Until the ISSB develops a full set of sustainability standards, companies may be cajoled into action on impact reporting by their governments. In October 2021, New Zealand became the first country in the world to force companies to reveal and act on climate-related risks, this April in the UK it became mandatory for large firms to disclose any climate-related financial information and the US Securities and Exchange Commission just recently published draft proposals requiring companies to include climate related risks in their financial disclosures.
We’ll be measuring very different things, so businesses will need to have systems and specialised teams in place to gather and understand the data.
Once new accounting standards are introduced, there could be some critical changes for businesses. New roles could emerge, particularly in data-gathering and ESG.
‘Today, financial reporting needs accountants because the measurement basis is a monetary value,’ says Amir. ‘But when we’ll be measuring very different things, businesses will need to have systems and specialised teams in place to not only gather the data, but to understand it too. You’ll also see a significant increase in demand for experts in ESG, carbon, sustainability and social issues.’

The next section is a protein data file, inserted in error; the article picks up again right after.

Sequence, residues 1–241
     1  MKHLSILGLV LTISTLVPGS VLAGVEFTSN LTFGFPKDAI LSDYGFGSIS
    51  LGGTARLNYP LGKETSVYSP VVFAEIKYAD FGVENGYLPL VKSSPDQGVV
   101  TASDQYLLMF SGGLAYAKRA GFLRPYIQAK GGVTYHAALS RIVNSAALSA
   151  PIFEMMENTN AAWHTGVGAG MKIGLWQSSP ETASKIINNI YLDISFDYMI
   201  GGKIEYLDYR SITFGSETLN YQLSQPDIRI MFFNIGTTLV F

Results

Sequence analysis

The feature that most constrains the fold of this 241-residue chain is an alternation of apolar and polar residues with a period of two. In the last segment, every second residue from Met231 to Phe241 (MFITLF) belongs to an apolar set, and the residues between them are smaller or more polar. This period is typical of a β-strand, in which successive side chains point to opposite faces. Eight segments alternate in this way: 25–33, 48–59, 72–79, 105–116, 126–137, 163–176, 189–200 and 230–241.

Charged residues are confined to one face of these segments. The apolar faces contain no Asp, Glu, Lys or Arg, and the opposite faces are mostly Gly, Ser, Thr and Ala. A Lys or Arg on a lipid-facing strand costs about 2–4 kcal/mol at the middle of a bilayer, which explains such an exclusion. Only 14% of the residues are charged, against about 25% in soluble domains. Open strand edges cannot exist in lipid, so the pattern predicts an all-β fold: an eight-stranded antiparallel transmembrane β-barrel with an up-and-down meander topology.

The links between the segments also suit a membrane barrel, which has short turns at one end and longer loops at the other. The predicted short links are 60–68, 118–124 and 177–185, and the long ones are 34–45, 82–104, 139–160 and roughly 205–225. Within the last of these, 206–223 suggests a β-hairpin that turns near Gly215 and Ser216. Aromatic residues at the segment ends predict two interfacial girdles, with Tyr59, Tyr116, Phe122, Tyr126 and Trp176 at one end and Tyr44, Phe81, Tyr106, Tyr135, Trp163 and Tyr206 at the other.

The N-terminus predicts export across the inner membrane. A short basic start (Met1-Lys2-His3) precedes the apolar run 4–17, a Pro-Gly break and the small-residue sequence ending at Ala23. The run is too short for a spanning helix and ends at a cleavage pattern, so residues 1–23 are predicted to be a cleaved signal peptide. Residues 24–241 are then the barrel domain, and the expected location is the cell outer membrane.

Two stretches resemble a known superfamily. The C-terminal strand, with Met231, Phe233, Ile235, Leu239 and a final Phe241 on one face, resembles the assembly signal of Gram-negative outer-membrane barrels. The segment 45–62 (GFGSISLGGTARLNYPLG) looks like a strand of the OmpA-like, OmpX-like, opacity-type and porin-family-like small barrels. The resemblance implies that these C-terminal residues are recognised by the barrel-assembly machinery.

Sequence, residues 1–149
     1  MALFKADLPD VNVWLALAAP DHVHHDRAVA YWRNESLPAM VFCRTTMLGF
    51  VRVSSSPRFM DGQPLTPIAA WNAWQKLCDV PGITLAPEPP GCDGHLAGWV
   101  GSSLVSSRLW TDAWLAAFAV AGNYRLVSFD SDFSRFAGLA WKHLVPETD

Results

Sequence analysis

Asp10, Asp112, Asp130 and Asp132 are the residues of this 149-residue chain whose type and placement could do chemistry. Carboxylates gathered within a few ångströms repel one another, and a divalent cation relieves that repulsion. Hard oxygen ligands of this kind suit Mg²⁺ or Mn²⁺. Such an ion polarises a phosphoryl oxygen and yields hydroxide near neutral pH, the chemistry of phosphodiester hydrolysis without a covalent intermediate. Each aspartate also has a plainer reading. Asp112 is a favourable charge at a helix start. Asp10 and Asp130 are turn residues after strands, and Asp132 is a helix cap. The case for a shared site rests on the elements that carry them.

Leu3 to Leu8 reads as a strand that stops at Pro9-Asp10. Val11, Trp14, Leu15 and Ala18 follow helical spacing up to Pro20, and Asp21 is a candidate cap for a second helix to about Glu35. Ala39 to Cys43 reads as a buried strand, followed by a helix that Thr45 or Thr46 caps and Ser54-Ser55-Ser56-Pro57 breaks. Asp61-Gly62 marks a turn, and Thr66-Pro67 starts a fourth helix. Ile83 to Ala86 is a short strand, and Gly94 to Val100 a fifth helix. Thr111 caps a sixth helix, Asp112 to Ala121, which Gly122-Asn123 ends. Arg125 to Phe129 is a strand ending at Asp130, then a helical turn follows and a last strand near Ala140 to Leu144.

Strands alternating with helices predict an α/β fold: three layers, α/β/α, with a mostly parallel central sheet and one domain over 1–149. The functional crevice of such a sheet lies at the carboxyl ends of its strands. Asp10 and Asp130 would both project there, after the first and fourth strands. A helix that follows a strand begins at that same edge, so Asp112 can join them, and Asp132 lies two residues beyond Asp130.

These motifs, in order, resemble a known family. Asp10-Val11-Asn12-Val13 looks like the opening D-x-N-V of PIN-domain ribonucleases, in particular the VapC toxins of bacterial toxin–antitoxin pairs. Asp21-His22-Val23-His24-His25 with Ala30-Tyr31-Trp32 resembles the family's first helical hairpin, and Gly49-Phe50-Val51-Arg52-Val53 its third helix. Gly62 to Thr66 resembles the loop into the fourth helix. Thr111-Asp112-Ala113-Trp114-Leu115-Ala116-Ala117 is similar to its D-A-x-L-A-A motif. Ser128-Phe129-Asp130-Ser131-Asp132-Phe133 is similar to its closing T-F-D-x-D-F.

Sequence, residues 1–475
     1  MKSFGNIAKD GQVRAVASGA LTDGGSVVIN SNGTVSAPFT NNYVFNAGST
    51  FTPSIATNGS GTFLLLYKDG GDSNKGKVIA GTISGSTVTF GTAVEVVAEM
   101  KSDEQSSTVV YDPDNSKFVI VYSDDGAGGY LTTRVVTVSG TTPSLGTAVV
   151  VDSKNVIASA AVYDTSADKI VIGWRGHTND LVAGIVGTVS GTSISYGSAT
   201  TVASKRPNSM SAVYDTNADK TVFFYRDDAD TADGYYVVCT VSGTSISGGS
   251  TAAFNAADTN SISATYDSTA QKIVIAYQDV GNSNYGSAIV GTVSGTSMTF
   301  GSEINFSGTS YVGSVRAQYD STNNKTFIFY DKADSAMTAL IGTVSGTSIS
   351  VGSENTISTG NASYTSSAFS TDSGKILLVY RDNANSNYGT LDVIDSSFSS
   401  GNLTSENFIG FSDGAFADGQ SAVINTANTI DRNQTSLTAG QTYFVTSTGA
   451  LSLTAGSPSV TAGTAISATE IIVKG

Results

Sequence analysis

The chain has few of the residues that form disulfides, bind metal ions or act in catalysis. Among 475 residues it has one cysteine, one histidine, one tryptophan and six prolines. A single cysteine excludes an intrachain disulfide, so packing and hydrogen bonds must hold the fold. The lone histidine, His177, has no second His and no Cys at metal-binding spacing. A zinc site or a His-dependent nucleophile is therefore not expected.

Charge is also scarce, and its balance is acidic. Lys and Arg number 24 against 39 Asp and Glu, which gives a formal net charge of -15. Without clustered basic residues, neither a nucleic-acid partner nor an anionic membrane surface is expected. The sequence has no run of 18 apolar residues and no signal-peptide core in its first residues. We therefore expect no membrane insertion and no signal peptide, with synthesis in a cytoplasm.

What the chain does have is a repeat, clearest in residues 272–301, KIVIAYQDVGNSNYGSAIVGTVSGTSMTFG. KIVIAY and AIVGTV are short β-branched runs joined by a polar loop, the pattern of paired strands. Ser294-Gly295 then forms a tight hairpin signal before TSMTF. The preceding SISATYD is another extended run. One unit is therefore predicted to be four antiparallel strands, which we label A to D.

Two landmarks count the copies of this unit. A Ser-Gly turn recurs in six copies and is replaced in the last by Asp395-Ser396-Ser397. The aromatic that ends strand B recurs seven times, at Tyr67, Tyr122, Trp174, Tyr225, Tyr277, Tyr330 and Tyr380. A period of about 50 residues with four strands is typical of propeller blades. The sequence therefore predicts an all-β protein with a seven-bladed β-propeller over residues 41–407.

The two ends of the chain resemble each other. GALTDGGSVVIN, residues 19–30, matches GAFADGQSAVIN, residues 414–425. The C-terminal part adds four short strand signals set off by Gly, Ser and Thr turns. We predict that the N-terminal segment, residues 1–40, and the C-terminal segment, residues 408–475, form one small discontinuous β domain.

The C-suite could also change, says Amir: ‘On a leadership level, it’ll require a much broader knowledge and skillset at the board level to integrate these issues into strategy. They will need to embed this into the DNA of their company.’
There will also be ‘increased pressure on companies’ he says. ‘With better information from good reporting, we’ll see laggards on ESG issues being punished much more heavily than they are now. Big polluters will have more difficulties raising finance.’
Revamped standards could radically transform the profession of accountancy too: ‘CFOs and accountants’ offices will need to understand ESG issues much more and work closely with sustainability managers. They’ll need to become well versed in the financial impact of sustainability issues, because that’s what investors are thinking of,’ says Amir.
‘Disclosing information according to standards and having a framework/rule book is one thing, but you will also need to enforce it. Enforcing means auditing – so you will need to have auditors who understand the information and know how to order it. That will require a whole different skillset.’